Everyone agrees that the land deal between Bill and Hillary Rodham Clinton and one of their Arkansas cronies is very, very complicated.It involves vacation property in the Ozarks called Whitewater, a failed bank that cost the taxpayers millions, documents spirited away into the night and now demands that an independent counsel be appointed to investigate the matter.But as complicated as the mess is -- and how soon before we start calling it Whitewatergate? -- the Clintons' defense has been very, very simple:They lost money on the deal, so it had to be honest.
NEWS
By Anna Quindlen | September 27, 1994
AT LUNCH they sat talking in a booth at the restaurant across from their office building, three women in soft suits, somewhere between their Wunderkind days and middle age.Because of their jobs, they didn't want to be identified any more specifically than that; they were even afraid to see their line of work in print.For they had been waxing sarcastic about the "white boys": that is, the men who run the company. The chairman, the president, the vice presidents -- except for the V.P. for human resources, that being the designated female job. The big guys, the ones who make the decisions and the policy and who have no women or minorities in their ranks.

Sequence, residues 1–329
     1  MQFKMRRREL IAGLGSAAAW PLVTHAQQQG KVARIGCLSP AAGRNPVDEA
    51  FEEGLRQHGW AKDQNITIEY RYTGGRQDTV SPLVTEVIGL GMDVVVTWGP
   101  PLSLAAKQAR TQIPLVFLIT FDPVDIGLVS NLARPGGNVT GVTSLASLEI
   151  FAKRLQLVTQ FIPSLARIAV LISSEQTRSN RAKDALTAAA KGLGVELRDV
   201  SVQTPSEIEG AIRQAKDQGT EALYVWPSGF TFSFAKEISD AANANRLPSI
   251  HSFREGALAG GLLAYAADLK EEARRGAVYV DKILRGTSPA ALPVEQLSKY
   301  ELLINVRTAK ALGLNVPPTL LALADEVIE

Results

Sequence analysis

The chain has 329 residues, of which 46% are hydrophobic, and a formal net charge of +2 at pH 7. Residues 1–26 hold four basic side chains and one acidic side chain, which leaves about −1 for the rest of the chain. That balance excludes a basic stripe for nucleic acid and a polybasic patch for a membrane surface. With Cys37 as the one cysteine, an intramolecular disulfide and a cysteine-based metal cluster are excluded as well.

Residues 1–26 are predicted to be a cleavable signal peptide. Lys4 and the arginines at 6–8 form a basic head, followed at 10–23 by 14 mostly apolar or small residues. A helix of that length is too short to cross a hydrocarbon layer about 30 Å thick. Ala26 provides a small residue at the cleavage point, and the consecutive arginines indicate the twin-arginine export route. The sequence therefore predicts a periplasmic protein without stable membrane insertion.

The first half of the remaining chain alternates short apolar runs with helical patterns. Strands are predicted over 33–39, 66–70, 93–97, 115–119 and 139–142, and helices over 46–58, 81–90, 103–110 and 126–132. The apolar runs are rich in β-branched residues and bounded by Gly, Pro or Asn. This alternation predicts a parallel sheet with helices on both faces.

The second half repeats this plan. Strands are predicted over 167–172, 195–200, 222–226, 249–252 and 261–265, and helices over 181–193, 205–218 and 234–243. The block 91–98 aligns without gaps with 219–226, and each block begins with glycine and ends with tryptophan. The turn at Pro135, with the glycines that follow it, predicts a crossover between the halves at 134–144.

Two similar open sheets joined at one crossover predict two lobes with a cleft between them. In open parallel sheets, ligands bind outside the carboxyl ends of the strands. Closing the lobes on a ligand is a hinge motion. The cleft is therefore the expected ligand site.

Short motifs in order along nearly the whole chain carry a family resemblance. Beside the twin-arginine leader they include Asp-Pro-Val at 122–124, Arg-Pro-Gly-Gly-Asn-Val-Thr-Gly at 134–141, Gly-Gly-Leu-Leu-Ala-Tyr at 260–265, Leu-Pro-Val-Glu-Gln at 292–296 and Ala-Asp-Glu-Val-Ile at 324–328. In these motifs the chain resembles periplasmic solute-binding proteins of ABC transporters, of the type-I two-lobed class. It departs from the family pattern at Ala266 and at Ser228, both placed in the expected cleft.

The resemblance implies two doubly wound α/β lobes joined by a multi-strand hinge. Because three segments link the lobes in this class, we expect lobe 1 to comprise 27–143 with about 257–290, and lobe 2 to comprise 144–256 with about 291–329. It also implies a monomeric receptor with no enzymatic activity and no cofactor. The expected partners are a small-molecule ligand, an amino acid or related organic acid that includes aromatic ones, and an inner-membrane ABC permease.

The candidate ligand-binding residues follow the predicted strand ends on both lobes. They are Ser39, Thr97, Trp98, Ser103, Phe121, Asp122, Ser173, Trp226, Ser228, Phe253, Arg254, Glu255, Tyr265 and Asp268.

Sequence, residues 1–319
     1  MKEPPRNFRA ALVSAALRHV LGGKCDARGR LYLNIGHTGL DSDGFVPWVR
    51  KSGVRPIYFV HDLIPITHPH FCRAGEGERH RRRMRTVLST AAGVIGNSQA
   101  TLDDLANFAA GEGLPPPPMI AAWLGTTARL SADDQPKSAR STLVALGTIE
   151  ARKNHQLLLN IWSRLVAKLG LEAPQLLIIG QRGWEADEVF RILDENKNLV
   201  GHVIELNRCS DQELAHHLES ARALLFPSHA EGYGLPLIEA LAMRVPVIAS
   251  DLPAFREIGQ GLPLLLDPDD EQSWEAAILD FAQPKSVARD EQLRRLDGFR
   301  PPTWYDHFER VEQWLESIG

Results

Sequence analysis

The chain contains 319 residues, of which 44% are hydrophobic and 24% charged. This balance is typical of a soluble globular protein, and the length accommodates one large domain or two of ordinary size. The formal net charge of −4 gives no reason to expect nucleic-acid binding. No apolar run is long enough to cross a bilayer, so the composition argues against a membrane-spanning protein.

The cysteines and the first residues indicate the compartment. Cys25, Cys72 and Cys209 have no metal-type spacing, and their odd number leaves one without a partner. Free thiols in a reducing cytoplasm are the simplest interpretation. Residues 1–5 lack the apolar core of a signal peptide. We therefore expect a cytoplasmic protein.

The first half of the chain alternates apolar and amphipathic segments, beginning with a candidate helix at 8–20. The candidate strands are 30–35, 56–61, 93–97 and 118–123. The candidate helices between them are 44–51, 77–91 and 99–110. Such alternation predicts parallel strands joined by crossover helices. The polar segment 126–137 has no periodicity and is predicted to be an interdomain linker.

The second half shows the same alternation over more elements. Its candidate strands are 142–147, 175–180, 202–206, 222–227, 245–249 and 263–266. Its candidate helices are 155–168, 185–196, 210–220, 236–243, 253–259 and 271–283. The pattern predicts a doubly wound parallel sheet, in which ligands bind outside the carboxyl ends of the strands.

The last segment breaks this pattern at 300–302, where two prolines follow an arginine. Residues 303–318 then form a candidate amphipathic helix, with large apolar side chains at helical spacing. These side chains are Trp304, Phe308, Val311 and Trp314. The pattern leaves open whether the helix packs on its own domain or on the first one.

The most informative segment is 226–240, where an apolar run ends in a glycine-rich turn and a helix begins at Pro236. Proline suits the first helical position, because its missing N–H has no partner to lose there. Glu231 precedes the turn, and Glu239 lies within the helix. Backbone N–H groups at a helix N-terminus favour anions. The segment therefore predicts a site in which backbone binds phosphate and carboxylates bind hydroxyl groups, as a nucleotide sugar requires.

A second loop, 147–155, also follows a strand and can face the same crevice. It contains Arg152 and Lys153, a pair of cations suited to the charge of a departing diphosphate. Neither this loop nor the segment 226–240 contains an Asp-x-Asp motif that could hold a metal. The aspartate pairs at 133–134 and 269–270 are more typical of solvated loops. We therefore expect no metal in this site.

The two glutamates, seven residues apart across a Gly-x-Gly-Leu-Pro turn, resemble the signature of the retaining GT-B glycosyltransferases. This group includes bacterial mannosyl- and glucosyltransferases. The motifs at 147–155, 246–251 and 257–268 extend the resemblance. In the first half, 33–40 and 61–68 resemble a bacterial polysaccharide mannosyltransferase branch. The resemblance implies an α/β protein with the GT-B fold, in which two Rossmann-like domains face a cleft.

NEWS
By Mark Matthews and Mark Matthews,Washington Bureau | October 17, 1993
WASHINGTON -- President Clinton entered office with the job of charting America's foreign policy beyond the Cold War. Nine months later, a series of self-inflicted wounds to his prestige has hobbled his efforts, raising questions about his ability to project force credibly abroad.Doubts about the American leader's competence in world affairs -- overseas, on Capitol Hill and among the public -- are high. In a recent Gallup poll, approval of the president's handling of foreign affairs dropped from 51 percent to 40 percent.
NEWS
By Monica Norton and Monica Norton,Staff Writer | June 2, 1993
Members of the Maryland chapter of the Rainbow Coalition yesterday criticized public officials from the president to the mayor of Annapolis for failing to speak out on behalf of six black Secret Service agents who allegedly were denied service at the Annapolis Denny's last month.State Del. Salima Siler Marriott of Baltimore and Annapolis Alderman Carl O. Snowden stood in front of Denny's with members of the grass-roots organization Peace-Action and city residents who also allege discriminatory treatment at the restaurant.